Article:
Skip to main content

On 19 March 2020, New Zealand closed its borders. On 9 April, the Prime Minister announced that a network of Managed Isolation and Quarantine Facilities (MIQFs) would be established, to bring citizens and residents home.

The Royal New Zealand Air Force, along with Army and Navy, was tasked with supporting the MIQFs, as part of a multi-agency effort run by the Ministry of Business, Innovation and Employment.

But even before the creation of the MIQFs, around 120 Defence Force planning and logistics staff were being attached to the Government’s COVID-19 response teams.

New Zealand developed the concept of hotels being used as isolation centres where returnees were isolated for two weeks. By October 2020 around 1,200 NZDF personnel were rotating through the MIQFs, taking their turn. Personnel would typically work seven days on, six days off.

Operation Protect, the name of the NZDF contribution, touched at the heart of what the Air Force trains to do. The staff were on the front line, helping to protect our country and the well-being of our population, and we did it in a professional and caring way that was noticed and had a powerful effect on the thousands of people returning to New Zealand.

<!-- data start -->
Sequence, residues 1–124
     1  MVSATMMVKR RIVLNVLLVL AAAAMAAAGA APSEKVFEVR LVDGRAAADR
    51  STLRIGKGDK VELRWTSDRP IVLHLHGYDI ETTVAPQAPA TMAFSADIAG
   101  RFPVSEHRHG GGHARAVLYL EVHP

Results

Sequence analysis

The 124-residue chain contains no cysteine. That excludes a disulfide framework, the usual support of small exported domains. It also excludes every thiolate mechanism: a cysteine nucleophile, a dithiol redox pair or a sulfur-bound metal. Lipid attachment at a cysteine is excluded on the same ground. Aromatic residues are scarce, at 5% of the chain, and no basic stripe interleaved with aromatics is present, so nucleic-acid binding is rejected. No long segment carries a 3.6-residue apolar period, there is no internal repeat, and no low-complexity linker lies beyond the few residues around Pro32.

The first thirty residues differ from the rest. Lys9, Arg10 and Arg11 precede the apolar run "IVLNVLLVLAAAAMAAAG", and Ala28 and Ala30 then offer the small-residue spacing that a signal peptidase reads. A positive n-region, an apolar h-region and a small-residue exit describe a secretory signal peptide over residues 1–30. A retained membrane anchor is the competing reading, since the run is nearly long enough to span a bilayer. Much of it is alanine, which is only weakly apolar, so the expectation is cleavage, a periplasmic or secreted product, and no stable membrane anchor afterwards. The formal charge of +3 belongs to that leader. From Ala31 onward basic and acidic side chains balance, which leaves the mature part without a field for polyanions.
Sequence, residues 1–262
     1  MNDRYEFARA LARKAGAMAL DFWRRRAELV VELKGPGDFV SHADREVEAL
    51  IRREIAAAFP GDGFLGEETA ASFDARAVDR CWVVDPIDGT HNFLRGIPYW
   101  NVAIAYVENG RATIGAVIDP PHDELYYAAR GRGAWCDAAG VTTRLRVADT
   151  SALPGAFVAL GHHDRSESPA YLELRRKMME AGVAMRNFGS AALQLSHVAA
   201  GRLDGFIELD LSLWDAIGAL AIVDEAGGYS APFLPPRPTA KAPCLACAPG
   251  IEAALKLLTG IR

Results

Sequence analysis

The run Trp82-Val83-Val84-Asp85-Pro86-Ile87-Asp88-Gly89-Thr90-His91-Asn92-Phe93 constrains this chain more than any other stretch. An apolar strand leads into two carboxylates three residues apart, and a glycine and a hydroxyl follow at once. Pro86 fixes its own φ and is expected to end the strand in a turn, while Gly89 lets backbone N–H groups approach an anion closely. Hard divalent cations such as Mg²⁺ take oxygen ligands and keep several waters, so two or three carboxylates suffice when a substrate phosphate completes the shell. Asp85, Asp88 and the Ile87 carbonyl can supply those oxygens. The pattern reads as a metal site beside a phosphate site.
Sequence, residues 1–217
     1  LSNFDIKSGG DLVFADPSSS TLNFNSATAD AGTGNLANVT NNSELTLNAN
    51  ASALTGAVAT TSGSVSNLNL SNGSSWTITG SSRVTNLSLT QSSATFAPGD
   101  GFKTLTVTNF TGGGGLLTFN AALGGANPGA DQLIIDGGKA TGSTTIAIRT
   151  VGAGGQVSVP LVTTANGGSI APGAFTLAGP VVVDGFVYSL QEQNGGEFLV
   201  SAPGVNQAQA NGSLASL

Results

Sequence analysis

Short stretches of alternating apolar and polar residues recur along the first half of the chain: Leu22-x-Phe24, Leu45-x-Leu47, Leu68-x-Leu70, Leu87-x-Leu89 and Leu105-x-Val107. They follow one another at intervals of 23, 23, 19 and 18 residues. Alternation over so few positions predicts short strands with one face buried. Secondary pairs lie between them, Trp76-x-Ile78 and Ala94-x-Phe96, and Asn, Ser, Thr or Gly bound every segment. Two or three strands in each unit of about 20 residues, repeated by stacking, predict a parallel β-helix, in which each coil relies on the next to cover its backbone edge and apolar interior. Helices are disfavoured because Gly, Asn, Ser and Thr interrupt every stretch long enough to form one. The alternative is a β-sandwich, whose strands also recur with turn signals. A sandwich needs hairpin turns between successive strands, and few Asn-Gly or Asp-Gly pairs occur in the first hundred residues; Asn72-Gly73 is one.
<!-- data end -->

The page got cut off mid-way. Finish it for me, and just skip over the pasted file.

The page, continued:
When more than 1,000 Ni-Vanuatu seasonal workers were stranded in New Zealand, we answered a call from the Government of Vanuatu and our Royal New Zealand Air Force flew them home. Other flights to the Pacific transported both people and critical supplies such as Personal Protective Equipment (PPE).

As of July 2021, over 150,000 returnees had been through an MIQF.

“When we took a bus ride to a managed exercise area, they kept their distance, but one of the soldiers provided some entertainment for my daughter for half an hour, telling her riddles. Another time, someone did a lot of chalk mind-teasers on the carpark tarmac below our window. It’s that kindness and thoughtfulness that makes people’s stay that little bit better.”

  • Mike LaFranchie, Taranaki (returning from the United States)
Loadmasters on board a Royal New Zealand Air Force C-130H(NZ) Hercules aircraft prepare to drop a load onto a dropzone.

Considering a career supporting community?

A big part of our work in the Air Force involves assisting communities affected by conflict or natural disasters. The fact that we work to protect and help people is one very good reason why we're so passionate about what we do. It gives our lives real meaning and purpose.

Find out more